If you’ve been reading this blog for more than a few months, you’ve probably come across one rant or another about listicles and lists in general. Aside from the ones on the ROC in Your Mouth blog I think most of these things are pretty stupid.
Actually, let me refine that a bit: “Best of” lists can serve as really useful guides for narrowing down the seemingly endless choices available to us today. The other day there was a guy reading as part of the Rochester Writers Series whose last book was number 3,027,054 on Amazon. I see these numbers all the time (I think my book is at 1,113,000), but only rarely does it really hit home that there are three million books that have sold more copies on Amazon than that one. Three million. Just paring down which TV shows to watch in a given week can be hard enough, and no one wants to invest $15 and a dozen hours in some books that sucks. Theoretically, these lists can help guide you away from the bad and toward the good.
My main problem is that a lot of the sites that rely heavily on these tend to present them as some objective evaluation while positioning themselves as a sort of tastemaker. “These are obviously the best albums of the year, because they were praised by such sure-fire review sources as Pitchfork.”—a line from basically every Pitchfork year-end list ever.
At the other end of the spectrum, we have The Year in Reading lists on The Millions. I’m not sure if they’re done with the 2015 iteration of this yet or not, but at current count there are around 450 different authors and cultural critics recommending 3-10 different books they read this year and liked a lot. I know this is one of the most well-trafficked “year-end” book events out there, and I do poke around a bit on it myself, but it’s too enormous for me to process and so very subjective. I like being able to click on the authors I like to see what they’ve been reading, but I’m not sure what that means in the end.
There is a sort of compulsion to make these sorts of lists though. If you’re in this game—blogging, reviewing, bookselling, promoting, whatever—you want to make your opinion known. Given the fact that I read 90+ books this year, I’m sure some of the booksellers and critics have read upwards of 200 or even 250 different titles. After you’ve read so much, you have to process that knowledge and share it with people.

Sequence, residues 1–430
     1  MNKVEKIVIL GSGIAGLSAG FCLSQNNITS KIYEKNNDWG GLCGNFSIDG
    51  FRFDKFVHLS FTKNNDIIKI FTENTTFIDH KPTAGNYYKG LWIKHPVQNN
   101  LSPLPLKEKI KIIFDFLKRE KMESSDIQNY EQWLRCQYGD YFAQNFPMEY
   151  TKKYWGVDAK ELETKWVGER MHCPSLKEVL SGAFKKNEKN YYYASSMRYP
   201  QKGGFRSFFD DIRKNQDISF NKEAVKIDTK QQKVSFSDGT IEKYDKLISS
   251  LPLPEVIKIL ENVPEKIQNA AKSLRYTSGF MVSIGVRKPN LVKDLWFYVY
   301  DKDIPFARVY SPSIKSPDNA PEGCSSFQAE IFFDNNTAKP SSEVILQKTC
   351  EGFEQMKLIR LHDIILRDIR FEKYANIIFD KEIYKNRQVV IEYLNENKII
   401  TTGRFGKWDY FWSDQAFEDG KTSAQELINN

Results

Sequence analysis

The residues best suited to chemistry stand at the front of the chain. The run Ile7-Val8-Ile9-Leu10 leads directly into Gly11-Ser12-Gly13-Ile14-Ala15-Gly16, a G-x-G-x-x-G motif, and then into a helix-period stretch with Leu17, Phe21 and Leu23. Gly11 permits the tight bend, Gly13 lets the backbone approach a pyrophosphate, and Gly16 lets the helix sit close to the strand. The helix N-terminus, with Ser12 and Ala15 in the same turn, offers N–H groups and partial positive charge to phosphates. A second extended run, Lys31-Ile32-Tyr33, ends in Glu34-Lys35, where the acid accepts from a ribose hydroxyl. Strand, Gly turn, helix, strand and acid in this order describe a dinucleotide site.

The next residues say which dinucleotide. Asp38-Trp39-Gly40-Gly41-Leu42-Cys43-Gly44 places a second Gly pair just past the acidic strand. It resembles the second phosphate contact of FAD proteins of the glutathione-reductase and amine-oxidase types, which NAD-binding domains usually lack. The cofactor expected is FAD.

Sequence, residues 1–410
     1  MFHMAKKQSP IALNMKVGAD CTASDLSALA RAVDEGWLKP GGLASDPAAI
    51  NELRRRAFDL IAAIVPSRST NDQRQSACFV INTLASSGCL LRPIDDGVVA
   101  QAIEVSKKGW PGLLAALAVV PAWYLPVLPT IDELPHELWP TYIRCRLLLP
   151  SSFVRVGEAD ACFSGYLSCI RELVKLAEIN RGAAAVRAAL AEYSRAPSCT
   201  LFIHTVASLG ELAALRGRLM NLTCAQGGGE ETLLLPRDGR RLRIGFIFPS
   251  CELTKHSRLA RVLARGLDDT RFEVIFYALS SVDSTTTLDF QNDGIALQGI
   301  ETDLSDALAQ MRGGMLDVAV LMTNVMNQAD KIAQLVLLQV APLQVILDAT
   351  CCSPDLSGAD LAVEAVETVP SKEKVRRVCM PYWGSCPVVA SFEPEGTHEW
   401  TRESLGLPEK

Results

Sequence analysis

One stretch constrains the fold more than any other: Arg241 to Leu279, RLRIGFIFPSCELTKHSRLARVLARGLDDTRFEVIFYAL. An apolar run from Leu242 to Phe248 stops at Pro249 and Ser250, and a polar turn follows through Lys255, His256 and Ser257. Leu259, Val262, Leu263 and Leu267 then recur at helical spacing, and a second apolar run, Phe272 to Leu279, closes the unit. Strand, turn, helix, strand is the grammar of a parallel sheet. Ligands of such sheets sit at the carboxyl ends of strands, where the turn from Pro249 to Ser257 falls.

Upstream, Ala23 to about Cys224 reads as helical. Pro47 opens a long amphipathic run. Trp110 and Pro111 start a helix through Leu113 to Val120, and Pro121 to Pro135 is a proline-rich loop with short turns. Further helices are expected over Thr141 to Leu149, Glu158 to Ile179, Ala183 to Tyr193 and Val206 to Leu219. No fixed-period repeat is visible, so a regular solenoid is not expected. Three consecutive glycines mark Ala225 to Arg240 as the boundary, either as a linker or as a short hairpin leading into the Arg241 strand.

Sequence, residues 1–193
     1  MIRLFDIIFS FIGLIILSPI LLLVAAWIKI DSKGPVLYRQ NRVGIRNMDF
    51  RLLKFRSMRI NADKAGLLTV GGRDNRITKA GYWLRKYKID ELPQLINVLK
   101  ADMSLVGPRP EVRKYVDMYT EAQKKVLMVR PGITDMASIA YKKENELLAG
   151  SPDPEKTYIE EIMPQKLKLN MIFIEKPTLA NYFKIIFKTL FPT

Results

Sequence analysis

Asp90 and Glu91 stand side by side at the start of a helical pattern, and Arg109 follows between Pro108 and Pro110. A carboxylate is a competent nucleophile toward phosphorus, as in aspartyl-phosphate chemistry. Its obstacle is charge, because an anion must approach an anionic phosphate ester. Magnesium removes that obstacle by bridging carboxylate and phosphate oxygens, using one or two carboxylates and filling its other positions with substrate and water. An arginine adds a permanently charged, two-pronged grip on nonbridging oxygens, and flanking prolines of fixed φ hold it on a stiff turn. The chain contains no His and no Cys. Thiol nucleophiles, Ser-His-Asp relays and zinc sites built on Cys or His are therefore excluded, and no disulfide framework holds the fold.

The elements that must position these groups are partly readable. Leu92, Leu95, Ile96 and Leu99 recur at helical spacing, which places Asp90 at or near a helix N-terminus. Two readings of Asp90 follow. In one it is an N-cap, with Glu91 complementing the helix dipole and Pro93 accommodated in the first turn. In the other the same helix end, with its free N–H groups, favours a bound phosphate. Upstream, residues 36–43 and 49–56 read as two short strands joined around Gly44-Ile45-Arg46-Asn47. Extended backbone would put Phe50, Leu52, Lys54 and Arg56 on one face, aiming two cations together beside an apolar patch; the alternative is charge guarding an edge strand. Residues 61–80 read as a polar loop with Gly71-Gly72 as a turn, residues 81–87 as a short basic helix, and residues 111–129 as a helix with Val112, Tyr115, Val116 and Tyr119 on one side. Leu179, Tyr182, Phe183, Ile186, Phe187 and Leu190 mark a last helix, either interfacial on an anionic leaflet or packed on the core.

Boiling this all down, I feel like all of these lists say more about the source than about the books themselves. Without looking, I already have a feel for what’s on the New York Times Books of 2015 list. (Lauren Groff, Ferrante, other examples of conventional, well-crafted narratives.) I can guess what type of books are on Scott Esposito’s year in review. And I’m sure a lot of people could guess what I’d list as my five favorites of 2015. Nevertheless, I want to share something, put my own thoughts into this “best of” game . . . or, more importantly, give readers some sort of guidance when it comes to works in translation that came out this past year.
So what I decided is that I’m going to make as many year-end lists as I can think of. These won’t be terribly long (4-6 books), but will represent a variety of different categories so that you can find some suggestions depending on what it is you want to read/find out about. I’ll try and do one of these a day for the next week or so. Like “6 Days of Random Lists” or something.
The only thing more rare than a Three Percent post praising—or at least, gently supporting—NPR is one heaping accolades on a publisher’s website. But, well, this is proof that anything is possible.
NPR, the World’s Greatest Source of Middle-minded Hem-Haw Opinions, is actually doing something bad-ass this year—foregoing year-end book lists:
You love lists. We love lists. Everyone loves lists. And in the past five years, NPR has brought you more than 80 year-end book lists — the best book club books, the best cookbooks, the best gift books, the best guilty pleasures. We listed. You clicked. Everyone was happy.
But as the holidays loomed this year, we were all suffering from a little list fatigue, and we started imagining new ways to approach our year-end best books coverage. And though
Buzzfeedthe Internet may be determined to prove otherwise, we wholeheartedly believe that human beings are capable of absorbing new information in formats that are 1) not sequentially ordered and 2) wait … dammit! and 3) never mind.
Double props for the Buzzfeed insult! Because fuck Buzzfeed. And seriously, they have ruined the idea of lists for everyone.
Instead of NPR’s typical year-end lists, they’ve come up with this discovery tool, which lists a couple hundred books that can be sub-divided into a number of categories. But unlike the normal list, books show up under more than one rubric creating a site that is “more Venn diagram-y than list-y — a site that could help you seek out the best biographies that were also love stories, or the best mysteries that were also set in the past.”
Triple props for invoking Venn diagrams.
I have to admit, this momentary respect I’m feeling for NPR is making me uncomfortable. And maybe a bit mentally aroused.
Thankfully, their selections are pretty much run-of-the-mill. Sure, Ogawa’s Revenge is included along with the new Daniel Alarcon, but Eggers’s The Circle? And that Kite Runner dude’s new book? BORING.